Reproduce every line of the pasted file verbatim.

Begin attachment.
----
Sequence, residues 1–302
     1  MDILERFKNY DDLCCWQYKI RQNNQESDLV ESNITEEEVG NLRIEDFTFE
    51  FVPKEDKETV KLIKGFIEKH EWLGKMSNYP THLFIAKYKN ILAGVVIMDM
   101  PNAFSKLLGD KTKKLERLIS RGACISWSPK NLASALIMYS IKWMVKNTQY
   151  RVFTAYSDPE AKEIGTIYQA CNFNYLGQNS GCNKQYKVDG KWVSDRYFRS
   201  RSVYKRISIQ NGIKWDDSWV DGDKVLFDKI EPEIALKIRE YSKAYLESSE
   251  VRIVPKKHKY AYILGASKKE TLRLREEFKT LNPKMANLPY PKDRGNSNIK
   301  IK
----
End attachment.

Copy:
Sequence, residues 1–302
     1  MDILERFKNY DDLCCWQYKI RQNNQESDLV ESNITEEEVG NLRIEDFTFE
    51  FVPKEDKETV KLIKGFIEKH EWLGKMSNYP THLFIAKYKN ILAGVVIMDM
   101  PNAFSKLLGD KTKKLERLIS RGACISWSPK NLASALIMYS IKWMVKNTQY
   151  RVFTAYSDPE AKEIGTIYQA CNFNYLGQNS GCNKQYKVDG KWVSDRYFRS
   201  RSVYKRISIQ NGIKWDDSWV DGDKVLFDKI EPEIALKIRE YSKAYLESSE
   251  VRIVPKKHKY AYILGASKKE TLRLREEFKT LNPKMANLPY PKDRGNSNIK
   301  IK